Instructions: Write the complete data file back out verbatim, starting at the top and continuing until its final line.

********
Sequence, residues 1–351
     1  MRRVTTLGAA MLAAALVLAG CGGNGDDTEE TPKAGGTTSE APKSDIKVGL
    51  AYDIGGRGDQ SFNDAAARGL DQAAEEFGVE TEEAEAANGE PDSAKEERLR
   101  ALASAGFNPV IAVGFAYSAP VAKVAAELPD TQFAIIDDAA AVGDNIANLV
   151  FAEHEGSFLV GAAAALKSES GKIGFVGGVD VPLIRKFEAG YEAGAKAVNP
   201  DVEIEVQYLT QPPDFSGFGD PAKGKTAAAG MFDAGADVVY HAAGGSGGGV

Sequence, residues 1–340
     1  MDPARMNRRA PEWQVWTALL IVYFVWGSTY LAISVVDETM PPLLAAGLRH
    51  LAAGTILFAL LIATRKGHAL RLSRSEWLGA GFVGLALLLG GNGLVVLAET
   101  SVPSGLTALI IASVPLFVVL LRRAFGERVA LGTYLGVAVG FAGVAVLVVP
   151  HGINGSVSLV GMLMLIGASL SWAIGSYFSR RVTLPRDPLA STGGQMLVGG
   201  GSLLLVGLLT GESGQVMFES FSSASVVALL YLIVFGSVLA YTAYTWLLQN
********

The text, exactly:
Sequence, residues 1–351
     1  MRRVTTLGAA MLAAALVLAG CGGNGDDTEE TPKAGGTTSE APKSDIKVGL
    51  AYDIGGRGDQ SFNDAAARGL DQAAEEFGVE TEEAEAANGE PDSAKEERLR
   101  ALASAGFNPV IAVGFAYSAP VAKVAAELPD TQFAIIDDAA AVGDNIANLV
   151  FAEHEGSFLV GAAAALKSES GKIGFVGGVD VPLIRKFEAG YEAGAKAVNP
   201  DVEIEVQYLT QPPDFSGFGD PAKGKTAAAG MFDAGADVVY HAAGGSGGGV

Sequence, residues 1–340
     1  MDPARMNRRA PEWQVWTALL IVYFVWGSTY LAISVVDETM PPLLAAGLRH
    51  LAAGTILFAL LIATRKGHAL RLSRSEWLGA GFVGLALLLG GNGLVVLAET
   101  SVPSGLTALI IASVPLFVVL LRRAFGERVA LGTYLGVAVG FAGVAVLVVP
   151  HGINGSVSLV GMLMLIGASL SWAIGSYFSR RVTLPRDPLA STGGQMLVGG
   201  GSLLLVGLLT GESGQVMFES FSSASVVALL YLIVFGSVLA YTAYTWLLQN